COP26: What should investors expect from the most significant COP since Paris?


As the focus on climate-related issues continues to intensify, the upcoming 2021 United Nations Climate Change Conference – COP26 – is set to be a landmark moment when it comes to tackling climate change. It comes after the IPCC’s Sixth Assessment Report on Climate Change outlined that global temperature rises are expected to exceed 1.5°C within 20 years and following a period where much of the world has been experiencing the physical impacts of a changing climate. The recently published World Energy Outlook from the IEA highlights that while a clean energy economy is emerging, the transition still has some way to go. Additionally, we have continued to see unprecedented levels of climate commitments from companies, investors and governments alike.

Against that backdrop, this year’s COP is expected to be one of the most significant since the Paris Agreement came into place in 2015, with stakes and expectations running high. It is the first deadline for updated nationally determined contributions (NDCs) since the Paris Agreement came into place and will be an opportunity for countries to collectively strengthen their ambition. The ongoing impacts of the Covid-19 pandemic will also make sure that this is a COP like no other, not only in terms of the physical preparations, but also in the need for outcomes that promote a sustainable and climate resilient economic recovery.

On the agenda for COP26

The UK Presidency has set out a number of priority topics for the negotiations, which will shape much of the agenda across the two weeks. These include:

  • the ‘Paris Rulebook’ – a set of common timeframes and formats for countries reporting on implementation of the 2015 agreement
  • progress towards adaptation goals and increasing adaptation finance
  • activities to address loss and damage associated with the impacts of climate change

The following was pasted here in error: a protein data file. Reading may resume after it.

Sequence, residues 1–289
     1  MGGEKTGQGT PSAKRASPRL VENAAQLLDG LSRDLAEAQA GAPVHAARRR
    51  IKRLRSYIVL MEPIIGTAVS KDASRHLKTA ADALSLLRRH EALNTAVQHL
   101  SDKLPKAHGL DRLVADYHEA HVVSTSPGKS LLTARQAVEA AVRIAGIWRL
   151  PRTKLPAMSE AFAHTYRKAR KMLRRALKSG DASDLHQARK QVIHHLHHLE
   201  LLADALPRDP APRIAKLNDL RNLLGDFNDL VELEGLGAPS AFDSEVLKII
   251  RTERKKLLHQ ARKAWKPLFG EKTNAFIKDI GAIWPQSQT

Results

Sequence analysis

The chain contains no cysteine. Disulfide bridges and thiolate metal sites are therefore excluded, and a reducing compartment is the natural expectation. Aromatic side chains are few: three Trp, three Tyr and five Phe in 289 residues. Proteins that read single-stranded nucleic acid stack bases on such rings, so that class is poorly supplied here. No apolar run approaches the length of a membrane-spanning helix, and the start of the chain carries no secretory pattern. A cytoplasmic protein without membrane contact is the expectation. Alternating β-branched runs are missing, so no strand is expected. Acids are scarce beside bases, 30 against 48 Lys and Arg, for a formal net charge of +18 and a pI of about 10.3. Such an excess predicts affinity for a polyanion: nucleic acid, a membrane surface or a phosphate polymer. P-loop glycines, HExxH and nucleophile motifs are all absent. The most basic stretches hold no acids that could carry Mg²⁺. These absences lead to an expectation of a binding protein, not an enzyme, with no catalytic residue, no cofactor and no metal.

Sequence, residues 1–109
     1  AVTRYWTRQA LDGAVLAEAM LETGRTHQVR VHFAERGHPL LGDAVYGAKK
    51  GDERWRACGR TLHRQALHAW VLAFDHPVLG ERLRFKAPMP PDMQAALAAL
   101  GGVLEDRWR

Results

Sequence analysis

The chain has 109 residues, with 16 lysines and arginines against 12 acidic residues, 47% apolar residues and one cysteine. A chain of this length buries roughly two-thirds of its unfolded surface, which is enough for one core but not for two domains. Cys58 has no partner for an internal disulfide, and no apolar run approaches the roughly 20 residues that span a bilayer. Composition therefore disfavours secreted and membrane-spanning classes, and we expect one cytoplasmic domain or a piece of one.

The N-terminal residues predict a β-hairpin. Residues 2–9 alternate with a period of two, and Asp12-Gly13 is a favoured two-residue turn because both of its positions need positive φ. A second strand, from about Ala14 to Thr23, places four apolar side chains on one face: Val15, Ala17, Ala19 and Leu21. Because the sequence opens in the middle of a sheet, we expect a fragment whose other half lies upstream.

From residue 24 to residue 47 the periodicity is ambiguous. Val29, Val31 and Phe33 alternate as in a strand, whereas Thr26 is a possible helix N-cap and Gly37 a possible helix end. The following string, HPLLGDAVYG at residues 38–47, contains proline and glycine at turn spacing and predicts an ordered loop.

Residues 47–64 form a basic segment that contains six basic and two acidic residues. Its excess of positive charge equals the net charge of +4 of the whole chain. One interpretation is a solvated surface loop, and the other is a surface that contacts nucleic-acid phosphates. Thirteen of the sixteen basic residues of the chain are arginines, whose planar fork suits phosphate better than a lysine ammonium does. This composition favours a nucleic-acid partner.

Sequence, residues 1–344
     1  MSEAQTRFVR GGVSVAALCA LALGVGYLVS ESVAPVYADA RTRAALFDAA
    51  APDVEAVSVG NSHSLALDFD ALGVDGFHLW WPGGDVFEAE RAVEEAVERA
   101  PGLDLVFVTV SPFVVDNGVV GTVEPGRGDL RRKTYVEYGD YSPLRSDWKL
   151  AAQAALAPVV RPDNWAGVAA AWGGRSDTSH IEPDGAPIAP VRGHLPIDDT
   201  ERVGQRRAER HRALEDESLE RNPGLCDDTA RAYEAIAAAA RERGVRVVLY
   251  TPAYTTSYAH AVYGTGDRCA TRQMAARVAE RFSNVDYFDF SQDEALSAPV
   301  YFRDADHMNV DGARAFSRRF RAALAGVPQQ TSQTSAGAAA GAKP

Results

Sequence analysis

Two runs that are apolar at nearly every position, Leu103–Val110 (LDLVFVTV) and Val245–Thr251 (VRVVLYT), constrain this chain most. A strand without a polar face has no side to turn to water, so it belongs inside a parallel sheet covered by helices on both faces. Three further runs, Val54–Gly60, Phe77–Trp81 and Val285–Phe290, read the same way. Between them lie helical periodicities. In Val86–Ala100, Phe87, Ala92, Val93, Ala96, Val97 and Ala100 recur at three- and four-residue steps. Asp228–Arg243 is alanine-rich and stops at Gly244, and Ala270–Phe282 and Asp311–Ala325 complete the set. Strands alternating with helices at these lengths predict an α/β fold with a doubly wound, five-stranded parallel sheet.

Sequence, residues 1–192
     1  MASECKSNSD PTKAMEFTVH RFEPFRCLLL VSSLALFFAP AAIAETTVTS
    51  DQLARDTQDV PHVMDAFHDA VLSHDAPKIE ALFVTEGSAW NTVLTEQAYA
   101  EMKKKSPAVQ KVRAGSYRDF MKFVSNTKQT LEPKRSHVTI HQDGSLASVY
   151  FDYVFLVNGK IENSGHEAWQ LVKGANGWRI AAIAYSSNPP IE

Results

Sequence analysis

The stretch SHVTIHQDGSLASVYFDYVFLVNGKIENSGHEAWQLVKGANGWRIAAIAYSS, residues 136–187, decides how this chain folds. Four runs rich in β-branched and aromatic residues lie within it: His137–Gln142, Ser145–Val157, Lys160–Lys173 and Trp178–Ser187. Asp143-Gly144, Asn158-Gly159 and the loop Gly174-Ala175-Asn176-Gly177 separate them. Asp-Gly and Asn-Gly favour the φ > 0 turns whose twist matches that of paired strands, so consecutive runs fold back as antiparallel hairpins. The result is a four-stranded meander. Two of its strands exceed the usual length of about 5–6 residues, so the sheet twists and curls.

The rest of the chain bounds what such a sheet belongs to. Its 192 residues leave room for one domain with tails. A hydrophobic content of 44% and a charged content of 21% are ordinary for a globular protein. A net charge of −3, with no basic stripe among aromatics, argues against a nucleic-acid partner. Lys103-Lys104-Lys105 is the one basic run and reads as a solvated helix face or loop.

• setting out a delivery plan for the goal to mobilise USD 100 billion per year of climate finance, with the intention of surpassing the target in 2021 and future years
  • responding to gaps in the collective ambition demonstrated in countries’ NDCs
  • enhancing collaboration between governments and other parties on inclusive action

In addition, meetings leading up to COP26 have highlighted several themes and issues that will likely contribute to the discussion on the side lines. These include sector-level policy commitments, such as the phase-out of coal, commitments to mandate TCFD-aligned reporting and deforestation-related pledges.

Success or failure: how will COP26 be judged?

Any breakthrough on long-standing topics, such as the finance goal, will likely contribute to the perceived success of the conference. While we know that the USD 100 billion funding target has proven a challenge for countries so far, COP26 will be an opportunity to set out a clear plan for its achievement and discuss what will come next.

In addition, what is put forward in individual countries’ NDCs will be notable as this is the first milestone for countries to submit their updates under the Paris Agreement. Currently, they are not collectively aligning with a 1.5°C world, but we hope to see some increased ambition as discussions progress.

What can investors do?

Investors will play a key role, both in the run up to and during COP26, particularly in the context of finance being one of the priority negotiation topics. Attention will be on governments globally and how they will be addressing the climate crisis through domestic policy action, and so there is a tangible opportunity to secure the policies needed to channel trillions of dollars into building a sustainable future.

This is why IIGCC has collaborated with six other networks as part of the Investor Agenda to develop the 2021 Global Investor Statement to Governments on the Climate Crisis, which has now been signed by nearly 600 investors with over USD 46 trillion in assets under management. The statement calls upon all governments to:

  • Strengthen their NDCs to align with limiting warming to 1.5°
  • Commit to a domestic mid-century net zero emissions target, including clear decarbonisation roadmaps for each carbon intensive sector.
  • Implement domestic policies to deliver on those targets.
  • Ensure Covid-19 recovery plans that support the transition.
  • Commit to implementing mandatory climate risk disclosure requirements.

It represents the strongest ever global unified call from investors to governments to raise their climate ambition and implement meaningful policies, or risk missing out on the enormous investment opportunities in tackling the climate crisis, representing the extent to which policy change and action is urgently needed and this is a real priority for the investor community.

The statement is currently open for investors to support and will close on 20 October ahead of COP26. For more information and to become a signatory, click here.